CONCLUSIONS: Although physicians understood the concept of conflict of interest, relationships with detailers set up psychological dynamics that influenced their reasoning. Our findings suggest that voluntary guidelines, like those proposed by most major medical societies, are inadequate. It may be that only the prohibition of physician-detailer interactions will be effective.

Drug Information Databases: an analysis

drugs.jpg  If you use online drug information databases, or are in the market for one, you might find this article useful. It was just published online in BMC Medical Informatics and Decision Making. I have looked up the URLs for the tools analyzed and you can link to them through the abstract below.

Clauson KA, Marsh WA, Polen HH, Seamon MJ, Ortiz BI. Clinical decision support tools: analysis of online drug information databases. BMC Med Inform Decis Mak 2007; 7(1):7.

BACKGROUND: Online drug information databases are used to assist in enhancing clinical decision support. However, the choice of which online database to consult, purchase or subscribe to is likely made based on subjective elements such as history of use, familiarity, or availability during professional training. The purpose of this study was to evaluate clinical decision support tools for drug information by systematically comparing the most commonly used online drug information databases.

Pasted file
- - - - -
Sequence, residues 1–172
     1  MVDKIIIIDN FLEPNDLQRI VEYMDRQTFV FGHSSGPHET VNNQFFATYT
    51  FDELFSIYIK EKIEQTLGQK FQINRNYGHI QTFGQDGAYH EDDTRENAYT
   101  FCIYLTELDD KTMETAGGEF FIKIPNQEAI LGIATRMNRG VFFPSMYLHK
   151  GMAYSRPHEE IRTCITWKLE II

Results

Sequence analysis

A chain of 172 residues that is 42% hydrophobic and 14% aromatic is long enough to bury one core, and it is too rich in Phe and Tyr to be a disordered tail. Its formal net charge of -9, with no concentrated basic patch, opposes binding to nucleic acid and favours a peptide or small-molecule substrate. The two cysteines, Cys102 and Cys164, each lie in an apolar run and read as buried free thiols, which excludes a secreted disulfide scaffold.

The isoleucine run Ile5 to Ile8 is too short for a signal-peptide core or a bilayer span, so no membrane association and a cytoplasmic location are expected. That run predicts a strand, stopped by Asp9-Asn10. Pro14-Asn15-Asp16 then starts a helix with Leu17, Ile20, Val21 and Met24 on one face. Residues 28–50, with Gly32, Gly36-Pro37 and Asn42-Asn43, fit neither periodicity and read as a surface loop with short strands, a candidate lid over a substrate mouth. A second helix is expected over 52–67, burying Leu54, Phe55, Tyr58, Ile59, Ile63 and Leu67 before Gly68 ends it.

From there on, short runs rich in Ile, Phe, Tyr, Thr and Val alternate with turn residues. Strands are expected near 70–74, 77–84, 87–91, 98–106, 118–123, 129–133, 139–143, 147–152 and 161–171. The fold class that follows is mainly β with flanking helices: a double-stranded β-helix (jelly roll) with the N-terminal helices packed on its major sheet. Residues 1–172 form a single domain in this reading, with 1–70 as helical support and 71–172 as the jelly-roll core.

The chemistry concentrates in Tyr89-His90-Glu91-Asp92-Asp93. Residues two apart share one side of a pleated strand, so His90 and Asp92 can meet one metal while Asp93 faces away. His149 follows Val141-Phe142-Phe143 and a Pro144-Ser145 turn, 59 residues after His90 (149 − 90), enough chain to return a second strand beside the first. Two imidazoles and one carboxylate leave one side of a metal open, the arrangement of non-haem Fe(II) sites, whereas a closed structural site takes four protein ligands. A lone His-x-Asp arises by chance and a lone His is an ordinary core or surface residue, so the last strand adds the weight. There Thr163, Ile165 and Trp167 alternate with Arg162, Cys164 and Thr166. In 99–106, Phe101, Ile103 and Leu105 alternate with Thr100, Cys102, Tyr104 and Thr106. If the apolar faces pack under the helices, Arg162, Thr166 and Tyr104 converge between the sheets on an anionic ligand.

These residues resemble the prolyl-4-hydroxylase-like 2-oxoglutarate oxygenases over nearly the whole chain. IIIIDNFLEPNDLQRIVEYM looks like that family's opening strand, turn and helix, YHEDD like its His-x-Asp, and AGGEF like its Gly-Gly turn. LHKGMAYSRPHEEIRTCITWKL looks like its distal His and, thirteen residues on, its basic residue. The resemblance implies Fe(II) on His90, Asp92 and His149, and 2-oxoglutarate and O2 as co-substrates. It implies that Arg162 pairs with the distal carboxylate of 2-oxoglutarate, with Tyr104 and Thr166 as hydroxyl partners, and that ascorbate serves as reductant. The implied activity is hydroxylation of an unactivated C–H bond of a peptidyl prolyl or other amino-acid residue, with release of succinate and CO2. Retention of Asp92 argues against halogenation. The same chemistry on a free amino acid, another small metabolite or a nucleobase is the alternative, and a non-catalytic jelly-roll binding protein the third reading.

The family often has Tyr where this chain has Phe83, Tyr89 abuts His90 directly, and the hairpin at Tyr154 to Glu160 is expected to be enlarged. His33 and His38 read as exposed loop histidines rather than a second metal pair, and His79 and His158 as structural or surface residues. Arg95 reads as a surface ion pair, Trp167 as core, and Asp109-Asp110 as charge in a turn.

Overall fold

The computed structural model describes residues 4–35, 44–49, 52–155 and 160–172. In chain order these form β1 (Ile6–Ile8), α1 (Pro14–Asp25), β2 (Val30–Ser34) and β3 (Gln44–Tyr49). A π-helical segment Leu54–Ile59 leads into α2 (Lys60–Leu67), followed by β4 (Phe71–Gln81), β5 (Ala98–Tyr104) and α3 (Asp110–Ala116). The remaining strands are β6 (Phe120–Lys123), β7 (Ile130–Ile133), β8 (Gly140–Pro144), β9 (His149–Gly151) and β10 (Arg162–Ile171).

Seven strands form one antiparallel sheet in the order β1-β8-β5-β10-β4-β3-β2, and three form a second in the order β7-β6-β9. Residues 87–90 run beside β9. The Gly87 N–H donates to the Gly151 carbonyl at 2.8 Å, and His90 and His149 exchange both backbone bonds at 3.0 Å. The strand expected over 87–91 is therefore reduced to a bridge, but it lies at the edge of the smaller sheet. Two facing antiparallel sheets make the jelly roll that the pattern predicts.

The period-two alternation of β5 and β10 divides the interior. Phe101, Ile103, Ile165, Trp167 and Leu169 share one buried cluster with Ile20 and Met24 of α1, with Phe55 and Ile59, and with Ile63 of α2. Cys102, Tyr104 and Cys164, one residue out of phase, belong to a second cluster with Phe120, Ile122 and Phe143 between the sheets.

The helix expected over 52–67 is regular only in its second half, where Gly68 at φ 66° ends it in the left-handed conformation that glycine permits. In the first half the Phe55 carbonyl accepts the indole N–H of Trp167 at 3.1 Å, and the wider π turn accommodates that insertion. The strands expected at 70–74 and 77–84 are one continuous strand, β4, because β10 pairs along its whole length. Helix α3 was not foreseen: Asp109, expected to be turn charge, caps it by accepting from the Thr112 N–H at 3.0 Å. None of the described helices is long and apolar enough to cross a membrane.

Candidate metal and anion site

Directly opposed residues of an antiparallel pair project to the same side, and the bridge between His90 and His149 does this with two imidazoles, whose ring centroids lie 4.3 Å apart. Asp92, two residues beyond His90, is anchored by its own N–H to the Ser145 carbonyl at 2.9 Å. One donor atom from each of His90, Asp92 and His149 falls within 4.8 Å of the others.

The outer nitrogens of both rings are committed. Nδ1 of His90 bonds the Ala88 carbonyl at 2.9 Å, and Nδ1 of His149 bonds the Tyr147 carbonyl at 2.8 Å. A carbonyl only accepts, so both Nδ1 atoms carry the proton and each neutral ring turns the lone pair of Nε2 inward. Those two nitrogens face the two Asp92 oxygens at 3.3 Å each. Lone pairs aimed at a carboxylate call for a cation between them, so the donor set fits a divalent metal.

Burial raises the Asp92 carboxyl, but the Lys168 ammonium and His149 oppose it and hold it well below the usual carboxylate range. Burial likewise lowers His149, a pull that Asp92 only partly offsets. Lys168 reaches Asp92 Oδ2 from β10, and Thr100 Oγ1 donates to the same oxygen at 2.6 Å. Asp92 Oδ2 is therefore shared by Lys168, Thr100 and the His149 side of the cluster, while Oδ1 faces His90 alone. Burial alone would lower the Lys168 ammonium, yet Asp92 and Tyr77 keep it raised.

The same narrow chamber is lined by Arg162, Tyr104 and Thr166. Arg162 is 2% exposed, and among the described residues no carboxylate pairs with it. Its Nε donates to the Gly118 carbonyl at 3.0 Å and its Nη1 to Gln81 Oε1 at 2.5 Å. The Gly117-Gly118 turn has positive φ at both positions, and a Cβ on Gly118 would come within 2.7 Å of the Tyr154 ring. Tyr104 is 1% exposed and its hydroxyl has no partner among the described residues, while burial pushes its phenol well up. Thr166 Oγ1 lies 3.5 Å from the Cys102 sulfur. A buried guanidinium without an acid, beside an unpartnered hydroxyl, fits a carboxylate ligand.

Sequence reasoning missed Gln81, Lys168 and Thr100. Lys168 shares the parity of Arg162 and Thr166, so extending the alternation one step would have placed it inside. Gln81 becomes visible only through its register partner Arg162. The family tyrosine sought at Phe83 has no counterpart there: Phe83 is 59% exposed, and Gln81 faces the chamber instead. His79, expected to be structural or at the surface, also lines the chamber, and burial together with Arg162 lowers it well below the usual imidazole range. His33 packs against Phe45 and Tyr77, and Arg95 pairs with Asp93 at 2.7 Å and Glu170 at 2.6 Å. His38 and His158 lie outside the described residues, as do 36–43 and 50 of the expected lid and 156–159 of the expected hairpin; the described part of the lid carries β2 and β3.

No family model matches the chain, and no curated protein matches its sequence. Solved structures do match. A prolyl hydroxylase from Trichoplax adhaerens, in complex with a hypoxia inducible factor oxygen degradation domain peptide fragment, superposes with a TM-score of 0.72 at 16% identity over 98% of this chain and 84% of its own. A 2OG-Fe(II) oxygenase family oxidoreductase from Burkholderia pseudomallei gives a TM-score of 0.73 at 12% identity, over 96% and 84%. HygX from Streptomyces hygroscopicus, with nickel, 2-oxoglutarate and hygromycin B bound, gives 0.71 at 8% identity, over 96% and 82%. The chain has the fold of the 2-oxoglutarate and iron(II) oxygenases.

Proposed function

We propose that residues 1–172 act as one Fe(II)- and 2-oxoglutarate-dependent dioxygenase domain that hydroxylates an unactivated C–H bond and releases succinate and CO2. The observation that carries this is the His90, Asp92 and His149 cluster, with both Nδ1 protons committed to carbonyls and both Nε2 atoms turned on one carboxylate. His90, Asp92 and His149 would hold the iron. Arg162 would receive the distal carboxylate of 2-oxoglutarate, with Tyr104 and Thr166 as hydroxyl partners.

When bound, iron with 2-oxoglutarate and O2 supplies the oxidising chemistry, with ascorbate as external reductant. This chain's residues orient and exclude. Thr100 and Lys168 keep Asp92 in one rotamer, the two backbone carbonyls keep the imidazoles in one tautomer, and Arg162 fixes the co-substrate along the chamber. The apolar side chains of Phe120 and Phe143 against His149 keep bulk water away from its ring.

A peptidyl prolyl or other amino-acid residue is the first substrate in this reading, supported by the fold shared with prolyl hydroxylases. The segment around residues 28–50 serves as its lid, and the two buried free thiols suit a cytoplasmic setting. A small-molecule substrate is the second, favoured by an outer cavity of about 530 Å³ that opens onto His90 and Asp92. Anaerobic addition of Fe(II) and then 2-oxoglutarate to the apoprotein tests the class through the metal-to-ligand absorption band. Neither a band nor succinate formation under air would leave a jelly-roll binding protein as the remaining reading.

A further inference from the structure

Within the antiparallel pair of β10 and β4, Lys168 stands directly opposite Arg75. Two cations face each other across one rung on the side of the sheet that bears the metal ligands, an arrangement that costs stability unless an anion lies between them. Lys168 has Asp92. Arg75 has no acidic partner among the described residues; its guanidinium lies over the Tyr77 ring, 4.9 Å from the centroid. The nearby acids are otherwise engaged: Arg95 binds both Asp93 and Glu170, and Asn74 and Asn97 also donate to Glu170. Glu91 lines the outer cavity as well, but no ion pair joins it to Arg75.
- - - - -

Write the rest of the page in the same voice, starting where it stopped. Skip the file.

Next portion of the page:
METHODS: Five commercially available and two freely available online drug information databases were evaluated according to scope (presence or absence of answer), completeness (the comprehensiveness of the answers), and ease of use. Additionally, a composite score integrating all three criteria was utilized. Fifteen weighted categories comprised of 158 questions were used to conduct the analysis. Descriptive statistics and Chi-square were used to summarize the evaluation components and make comparisons between databases. Scheffe’s multiple comparison procedure was used to determine statistically different scope and completeness scores. The composite score was subjected to sensitivity analysis to investigate the effect of the choice of percentages for scope and completeness.